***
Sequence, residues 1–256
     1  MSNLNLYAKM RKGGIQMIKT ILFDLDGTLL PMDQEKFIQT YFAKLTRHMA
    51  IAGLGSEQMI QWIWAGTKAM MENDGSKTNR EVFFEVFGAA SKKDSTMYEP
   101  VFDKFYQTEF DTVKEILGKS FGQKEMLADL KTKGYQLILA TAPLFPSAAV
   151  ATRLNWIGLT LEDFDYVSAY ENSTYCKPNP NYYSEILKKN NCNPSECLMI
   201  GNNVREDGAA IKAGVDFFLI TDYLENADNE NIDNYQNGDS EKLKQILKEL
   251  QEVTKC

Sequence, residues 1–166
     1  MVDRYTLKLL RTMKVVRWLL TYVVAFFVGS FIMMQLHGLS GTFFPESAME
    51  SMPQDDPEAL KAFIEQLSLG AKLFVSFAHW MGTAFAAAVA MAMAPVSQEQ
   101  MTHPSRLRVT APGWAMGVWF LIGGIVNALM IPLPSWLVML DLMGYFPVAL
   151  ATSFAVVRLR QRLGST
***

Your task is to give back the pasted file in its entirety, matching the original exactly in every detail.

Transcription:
Sequence, residues 1–256
     1  MSNLNLYAKM RKGGIQMIKT ILFDLDGTLL PMDQEKFIQT YFAKLTRHMA
    51  IAGLGSEQMI QWIWAGTKAM MENDGSKTNR EVFFEVFGAA SKKDSTMYEP
   101  VFDKFYQTEF DTVKEILGKS FGQKEMLADL KTKGYQLILA TAPLFPSAAV
   151  ATRLNWIGLT LEDFDYVSAY ENSTYCKPNP NYYSEILKKN NCNPSECLMI
   201  GNNVREDGAA IKAGVDFFLI TDYLENADNE NIDNYQNGDS EKLKQILKEL
   251  QEVTKC

Sequence, residues 1–166
     1  MVDRYTLKLL RTMKVVRWLL TYVVAFFVGS FIMMQLHGLS GTFFPESAME
    51  SMPQDDPEAL KAFIEQLSLG AKLFVSFAHW MGTAFAAAVA MAMAPVSQEQ
   101  MTHPSRLRVT APGWAMGVWF LIGGIVNALM IPLPSWLVML DLMGYFPVAL
   151  ATSFAVVRLR QRLGST